LNG Does Offer Pathway To IMO 2050
SEA\LNG, the multi-sector industry coalition aiming to accelerate the widespread adoption of liquefied natural gas (LNG) as a marine fuel, believes LNG is a viable pathway to meet the International Maritime OrganiZation (IMO)’s 2050 greenhouse gas (GHG) targets.
The maritime industry really has two broad but major environmental initiatives related to air emissions; dramatic improvement of global air quality, and reduction of GHGs.
Reinforcing the case for LNG as a marine fuel, SEA\LNG Chairman Peter Keller said: “In addition to immediate local air quality benefits, LNG offers a commercially viable long-term bridging solution to addressing the IMO GHG targets. LNG, in combination with efficiency measures being developed for new ships in response to the IMO’s Energy Efficiency Design Index (EEDI), will provide a way of meeting the IMO’s target of a 40% decrease in GHG by 2030 for international shipping. In addition, there are clear technology pathways being developed which should allow further emissions savings to be realised. For example, today, mixing LNG with bioLNG (from biogas) as a ‘drop-in’ fuel significantly reduces GHG emissions. Longer term, ‘power-to-gas’ is a key technology with the potential to produce large volumes of renewable LNG.”
LNG far outperforms conventional marine fuels in terms of minimising local emissions to improve air quality and can significantly reduce GHG emissions. LNG emits zero sulphur oxides (SOx) and virtually zero particulate matter (PM) and compared to existing heavy marine fuel oils, LNG emits 90% less nitrogen oxides (NOx). Academic literature shows that realistic reductions of GHG by 10-20% are achievable[i], with a potential for 25% or more as technology develops over the coming years, compared with conventional oil-based fuels.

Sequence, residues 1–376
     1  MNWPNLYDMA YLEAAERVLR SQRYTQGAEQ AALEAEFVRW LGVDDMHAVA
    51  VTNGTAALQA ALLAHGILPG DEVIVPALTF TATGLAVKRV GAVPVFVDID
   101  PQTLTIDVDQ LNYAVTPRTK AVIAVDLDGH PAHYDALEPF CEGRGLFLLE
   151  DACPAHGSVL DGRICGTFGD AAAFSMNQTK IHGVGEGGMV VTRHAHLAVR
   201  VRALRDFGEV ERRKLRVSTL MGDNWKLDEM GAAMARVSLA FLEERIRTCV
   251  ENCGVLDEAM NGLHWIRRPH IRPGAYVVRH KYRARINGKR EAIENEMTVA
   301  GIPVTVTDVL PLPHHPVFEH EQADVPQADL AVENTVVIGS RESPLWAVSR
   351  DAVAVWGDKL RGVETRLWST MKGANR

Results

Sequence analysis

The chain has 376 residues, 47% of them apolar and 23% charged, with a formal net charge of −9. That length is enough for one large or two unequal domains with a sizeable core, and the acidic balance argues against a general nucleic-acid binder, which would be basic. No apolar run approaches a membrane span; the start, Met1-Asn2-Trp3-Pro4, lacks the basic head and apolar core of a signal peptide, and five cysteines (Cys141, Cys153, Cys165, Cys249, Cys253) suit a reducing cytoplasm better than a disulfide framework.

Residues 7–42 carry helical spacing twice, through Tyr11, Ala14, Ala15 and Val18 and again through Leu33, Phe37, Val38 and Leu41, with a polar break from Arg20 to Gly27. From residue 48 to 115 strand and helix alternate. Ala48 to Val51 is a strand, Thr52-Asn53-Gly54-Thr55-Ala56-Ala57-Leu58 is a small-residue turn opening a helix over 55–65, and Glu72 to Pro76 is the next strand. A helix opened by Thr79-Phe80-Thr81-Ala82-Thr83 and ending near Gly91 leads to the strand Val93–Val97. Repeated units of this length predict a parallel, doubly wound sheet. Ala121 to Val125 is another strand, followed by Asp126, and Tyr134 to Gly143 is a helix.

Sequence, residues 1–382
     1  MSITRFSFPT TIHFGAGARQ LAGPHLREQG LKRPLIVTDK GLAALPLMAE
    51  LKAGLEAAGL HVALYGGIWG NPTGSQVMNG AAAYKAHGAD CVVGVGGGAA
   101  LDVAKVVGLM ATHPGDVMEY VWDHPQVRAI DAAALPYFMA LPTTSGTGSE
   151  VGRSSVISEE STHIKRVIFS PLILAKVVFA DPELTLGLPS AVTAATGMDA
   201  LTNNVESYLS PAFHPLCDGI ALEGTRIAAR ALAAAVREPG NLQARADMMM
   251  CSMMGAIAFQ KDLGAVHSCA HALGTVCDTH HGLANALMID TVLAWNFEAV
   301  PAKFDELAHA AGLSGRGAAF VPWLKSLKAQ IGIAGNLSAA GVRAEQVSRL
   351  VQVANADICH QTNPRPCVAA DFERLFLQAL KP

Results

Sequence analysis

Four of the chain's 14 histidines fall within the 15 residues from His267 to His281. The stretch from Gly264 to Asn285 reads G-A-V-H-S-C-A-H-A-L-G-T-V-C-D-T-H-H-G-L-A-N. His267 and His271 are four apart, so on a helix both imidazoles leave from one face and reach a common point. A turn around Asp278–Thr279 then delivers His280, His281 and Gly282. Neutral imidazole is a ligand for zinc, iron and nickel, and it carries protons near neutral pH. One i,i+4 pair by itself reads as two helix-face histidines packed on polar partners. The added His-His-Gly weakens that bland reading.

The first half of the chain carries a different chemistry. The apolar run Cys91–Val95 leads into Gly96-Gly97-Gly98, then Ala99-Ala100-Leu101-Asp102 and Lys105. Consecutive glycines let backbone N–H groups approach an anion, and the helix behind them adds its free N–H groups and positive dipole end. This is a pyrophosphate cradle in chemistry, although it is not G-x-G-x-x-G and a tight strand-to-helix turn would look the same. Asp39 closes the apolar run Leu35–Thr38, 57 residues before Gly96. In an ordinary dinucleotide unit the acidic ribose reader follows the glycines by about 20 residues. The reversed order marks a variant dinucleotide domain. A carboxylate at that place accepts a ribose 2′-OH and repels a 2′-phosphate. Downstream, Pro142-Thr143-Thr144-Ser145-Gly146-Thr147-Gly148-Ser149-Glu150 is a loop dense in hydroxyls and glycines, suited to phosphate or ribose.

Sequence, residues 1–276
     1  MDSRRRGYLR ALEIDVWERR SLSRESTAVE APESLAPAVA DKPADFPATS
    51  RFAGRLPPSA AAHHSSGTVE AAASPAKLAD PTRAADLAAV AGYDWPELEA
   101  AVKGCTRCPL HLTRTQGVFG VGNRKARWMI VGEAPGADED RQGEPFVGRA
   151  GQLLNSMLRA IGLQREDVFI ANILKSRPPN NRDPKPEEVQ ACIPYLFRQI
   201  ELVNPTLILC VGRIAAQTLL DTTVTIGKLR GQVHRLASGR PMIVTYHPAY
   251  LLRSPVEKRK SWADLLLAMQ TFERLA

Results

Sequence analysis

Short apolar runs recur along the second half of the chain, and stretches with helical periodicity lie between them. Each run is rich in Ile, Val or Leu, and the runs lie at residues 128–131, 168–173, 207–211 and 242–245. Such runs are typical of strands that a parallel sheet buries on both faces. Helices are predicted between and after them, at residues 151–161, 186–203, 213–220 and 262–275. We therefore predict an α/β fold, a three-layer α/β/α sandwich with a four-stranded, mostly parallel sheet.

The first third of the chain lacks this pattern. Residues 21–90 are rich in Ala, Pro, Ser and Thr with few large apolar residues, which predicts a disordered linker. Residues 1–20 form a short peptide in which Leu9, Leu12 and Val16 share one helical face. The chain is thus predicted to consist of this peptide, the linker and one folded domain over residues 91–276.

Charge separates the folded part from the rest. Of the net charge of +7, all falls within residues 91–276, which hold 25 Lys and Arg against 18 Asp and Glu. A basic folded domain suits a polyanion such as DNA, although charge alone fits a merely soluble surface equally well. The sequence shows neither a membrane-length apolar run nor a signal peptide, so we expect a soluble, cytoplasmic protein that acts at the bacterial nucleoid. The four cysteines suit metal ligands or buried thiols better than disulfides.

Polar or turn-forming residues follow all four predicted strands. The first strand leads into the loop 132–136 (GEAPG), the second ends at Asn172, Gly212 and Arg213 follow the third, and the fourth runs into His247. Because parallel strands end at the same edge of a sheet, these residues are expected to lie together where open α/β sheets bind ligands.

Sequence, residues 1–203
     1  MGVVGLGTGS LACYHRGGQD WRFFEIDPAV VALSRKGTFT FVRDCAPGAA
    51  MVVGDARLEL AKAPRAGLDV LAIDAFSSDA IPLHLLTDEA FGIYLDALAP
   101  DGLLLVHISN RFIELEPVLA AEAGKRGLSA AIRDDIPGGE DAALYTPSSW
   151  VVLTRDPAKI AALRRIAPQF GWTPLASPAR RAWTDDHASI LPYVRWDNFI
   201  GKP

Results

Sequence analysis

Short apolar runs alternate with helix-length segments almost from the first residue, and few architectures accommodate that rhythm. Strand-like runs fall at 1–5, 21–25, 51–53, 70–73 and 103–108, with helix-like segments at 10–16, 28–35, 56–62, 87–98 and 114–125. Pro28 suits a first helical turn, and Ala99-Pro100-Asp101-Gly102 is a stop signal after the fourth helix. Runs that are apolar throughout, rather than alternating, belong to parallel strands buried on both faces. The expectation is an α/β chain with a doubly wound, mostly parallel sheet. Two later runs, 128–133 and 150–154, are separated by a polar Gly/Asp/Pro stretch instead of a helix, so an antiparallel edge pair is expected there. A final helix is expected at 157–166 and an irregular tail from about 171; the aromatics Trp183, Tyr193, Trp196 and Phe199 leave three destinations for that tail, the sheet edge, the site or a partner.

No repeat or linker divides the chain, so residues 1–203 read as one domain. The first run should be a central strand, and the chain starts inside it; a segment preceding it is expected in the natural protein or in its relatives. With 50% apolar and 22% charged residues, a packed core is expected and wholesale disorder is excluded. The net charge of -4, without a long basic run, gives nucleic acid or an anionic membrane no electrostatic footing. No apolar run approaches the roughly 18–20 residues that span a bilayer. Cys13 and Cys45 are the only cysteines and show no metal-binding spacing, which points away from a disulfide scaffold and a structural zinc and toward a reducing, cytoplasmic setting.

SEA\LNG together with SGMF has commissioned an independent study to establish the facts regarding GHG emissions from LNG as a marine fuel considering all emissions from well-to-wake for LNG and other fuels. This study is currently being reviewed by independent academics and SEA\LNG and SGMF expect to publish the results in April.
Future technologies that appear to have promise, safety, and scalability could be built upon marine fuel infrastructure for LNG and clearly indicate that it is inaccurate to conclude that LNG will not provide a pathway to meeting IMO 2050 GHG ambitions. LNG can and does solve the air quality issues the maritime industry has been working on for decades and sets a path forward to meet IMO GHG targets.
[i] Sources include NGVA Europe, 2017. Greenhouse Gas Intensity from Natural Gas in Transport; DNV GL, 2015. In Focus – LNG as a ship fuel; Corbett, J.J., Thompson, H., Winebrake, J.J., 2015, Methane Emissions from Natural Gas Bunkering Operations in the Marine Sector: A Total Fuel Cycle Approach